We all understand that a successful channel requires strong relationships between vendors, resellers, and distributors. Going from understanding to application is another matter, and we often see channel programs struggle to achieve what they had set out to do due to poor implementation or ineffective management.
New Zealand being a relatively small market still is one where relationships play an even more critical role to a company’s success.
There are three principle indicators a channel program exhibits that recognises the necessary relationships between vendors and their partners; firstly, there should be priority placed on the ease of doing business, secondly, there needs to be an open exchange of knowledge between vendor and their partners, and lastly, the rewards program needs to be worthwhile.
“Our goal is to make Lenovo the easiest partner to deal with” says Mike Hill, Lenovo New Zealand country manager, “We work hard to provide programs and support that help our partners to grow with us; not just financially, but in terms of skills and capabilities.”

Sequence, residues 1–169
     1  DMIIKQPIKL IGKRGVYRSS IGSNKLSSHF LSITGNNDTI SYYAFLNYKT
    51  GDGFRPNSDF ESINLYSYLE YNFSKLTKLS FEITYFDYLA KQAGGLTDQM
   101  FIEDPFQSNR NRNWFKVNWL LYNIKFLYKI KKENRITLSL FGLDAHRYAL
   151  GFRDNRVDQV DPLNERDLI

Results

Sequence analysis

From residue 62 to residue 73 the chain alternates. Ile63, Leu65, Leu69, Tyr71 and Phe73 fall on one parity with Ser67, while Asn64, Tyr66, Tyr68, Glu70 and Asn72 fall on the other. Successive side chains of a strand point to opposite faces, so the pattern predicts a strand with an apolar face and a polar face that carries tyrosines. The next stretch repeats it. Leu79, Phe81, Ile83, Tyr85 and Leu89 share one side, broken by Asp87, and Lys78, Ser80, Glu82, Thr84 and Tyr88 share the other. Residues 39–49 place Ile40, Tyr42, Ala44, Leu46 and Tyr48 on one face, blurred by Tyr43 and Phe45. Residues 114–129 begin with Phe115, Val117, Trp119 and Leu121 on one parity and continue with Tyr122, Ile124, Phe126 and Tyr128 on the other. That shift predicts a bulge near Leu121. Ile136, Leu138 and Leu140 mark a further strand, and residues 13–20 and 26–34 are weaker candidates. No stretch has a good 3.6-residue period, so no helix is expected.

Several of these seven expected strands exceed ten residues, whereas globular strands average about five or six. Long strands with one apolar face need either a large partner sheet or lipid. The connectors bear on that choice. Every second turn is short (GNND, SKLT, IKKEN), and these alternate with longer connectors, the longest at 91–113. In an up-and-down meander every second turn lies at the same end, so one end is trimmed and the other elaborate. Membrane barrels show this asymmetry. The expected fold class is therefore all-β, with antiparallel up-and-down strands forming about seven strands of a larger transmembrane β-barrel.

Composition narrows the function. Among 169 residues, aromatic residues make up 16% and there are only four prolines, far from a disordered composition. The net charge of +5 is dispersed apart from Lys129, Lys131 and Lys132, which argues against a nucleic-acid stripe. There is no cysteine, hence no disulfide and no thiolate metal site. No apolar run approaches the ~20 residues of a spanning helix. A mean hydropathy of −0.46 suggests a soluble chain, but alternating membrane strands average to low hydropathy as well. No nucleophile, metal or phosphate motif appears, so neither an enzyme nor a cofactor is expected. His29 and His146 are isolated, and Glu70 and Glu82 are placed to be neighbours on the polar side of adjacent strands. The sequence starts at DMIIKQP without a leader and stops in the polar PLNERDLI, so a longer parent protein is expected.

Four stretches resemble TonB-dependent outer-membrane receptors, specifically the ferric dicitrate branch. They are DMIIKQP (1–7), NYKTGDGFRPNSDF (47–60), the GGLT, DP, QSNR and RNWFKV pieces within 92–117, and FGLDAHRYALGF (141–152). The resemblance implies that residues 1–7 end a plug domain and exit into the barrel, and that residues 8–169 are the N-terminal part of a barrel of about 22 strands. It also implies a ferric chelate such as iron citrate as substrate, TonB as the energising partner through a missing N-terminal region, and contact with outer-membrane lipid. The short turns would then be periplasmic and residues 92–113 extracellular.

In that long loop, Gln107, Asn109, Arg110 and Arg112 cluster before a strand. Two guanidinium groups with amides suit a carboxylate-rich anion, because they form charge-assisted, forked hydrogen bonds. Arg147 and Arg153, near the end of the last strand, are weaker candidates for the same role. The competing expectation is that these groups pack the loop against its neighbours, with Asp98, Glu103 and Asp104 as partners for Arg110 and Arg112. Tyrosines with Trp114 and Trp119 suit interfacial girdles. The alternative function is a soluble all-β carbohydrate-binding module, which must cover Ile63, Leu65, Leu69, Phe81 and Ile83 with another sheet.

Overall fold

1) Ease of doing business
Across all industries and verticals, New Zealand enjoys an active and competitive market. For the end-users and customers the benefits of choice are obvious, but already-strained margins are being put under ever-increasing pressure at all points in the value chain in the name of competition.
While the real value of the channel is in being able to wrap additional services around a complete solution, and it’s certainly important that vendors and partners alike approach the opportunity as a solution sell, it’s therefore essential to find ways to make it more efficient for partners to engage with Lenovo.
Reducing headcount isn’t necessarily the way to find efficiencies in businesses. The opportunity to improve the partnership process is embracing the need to look through each element in the supply chain; from portals to procurement and on to supply management, and find out what makes it easier, cleaner, and quicker to engage with these processes. In other words, efficiency no longer means “minimising”, but rather it means that we find a balance between automation and human expertise to create transparent, accountable, and fast movement across all links throughout the supply chain.